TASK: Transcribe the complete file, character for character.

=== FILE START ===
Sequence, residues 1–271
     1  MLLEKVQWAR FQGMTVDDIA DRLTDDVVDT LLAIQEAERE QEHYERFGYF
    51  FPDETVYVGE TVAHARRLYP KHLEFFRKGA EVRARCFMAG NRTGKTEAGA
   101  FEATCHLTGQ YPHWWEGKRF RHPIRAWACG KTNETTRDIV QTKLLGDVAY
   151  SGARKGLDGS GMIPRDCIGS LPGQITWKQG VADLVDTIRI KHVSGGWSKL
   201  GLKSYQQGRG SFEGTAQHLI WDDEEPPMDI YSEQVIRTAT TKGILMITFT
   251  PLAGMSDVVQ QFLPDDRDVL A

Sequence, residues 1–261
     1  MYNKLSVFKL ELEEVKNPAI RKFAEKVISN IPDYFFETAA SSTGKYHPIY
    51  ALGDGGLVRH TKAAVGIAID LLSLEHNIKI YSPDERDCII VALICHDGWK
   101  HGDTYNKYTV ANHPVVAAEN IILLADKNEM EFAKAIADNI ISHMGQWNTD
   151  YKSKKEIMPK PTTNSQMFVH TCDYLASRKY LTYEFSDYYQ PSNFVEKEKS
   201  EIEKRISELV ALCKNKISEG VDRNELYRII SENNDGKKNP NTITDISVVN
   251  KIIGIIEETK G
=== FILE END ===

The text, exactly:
Sequence, residues 1–271
     1  MLLEKVQWAR FQGMTVDDIA DRLTDDVVDT LLAIQEAERE QEHYERFGYF
    51  FPDETVYVGE TVAHARRLYP KHLEFFRKGA EVRARCFMAG NRTGKTEAGA
   101  FEATCHLTGQ YPHWWEGKRF RHPIRAWACG KTNETTRDIV QTKLLGDVAY
   151  SGARKGLDGS GMIPRDCIGS LPGQITWKQG VADLVDTIRI KHVSGGWSKL
   201  GLKSYQQGRG SFEGTAQHLI WDDEEPPMDI YSEQVIRTAT TKGILMITFT
   251  PLAGMSDVVQ QFLPDDRDVL A

Sequence, residues 1–261
     1  MYNKLSVFKL ELEEVKNPAI RKFAEKVISN IPDYFFETAA SSTGKYHPIY
    51  ALGDGGLVRH TKAAVGIAID LLSLEHNIKI YSPDERDCII VALICHDGWK
   101  HGDTYNKYTV ANHPVVAAEN IILLADKNEM EFAKAIADNI ISHMGQWNTD
   151  YKSKKEIMPK PTTNSQMFVH TCDYLASRKY LTYEFSDYYQ PSNFVEKEKS
   201  EIEKRISELV ALCKNKISEG VDRNELYRII SENNDGKKNP NTITDISVVN
   251  KIIGIIEETK G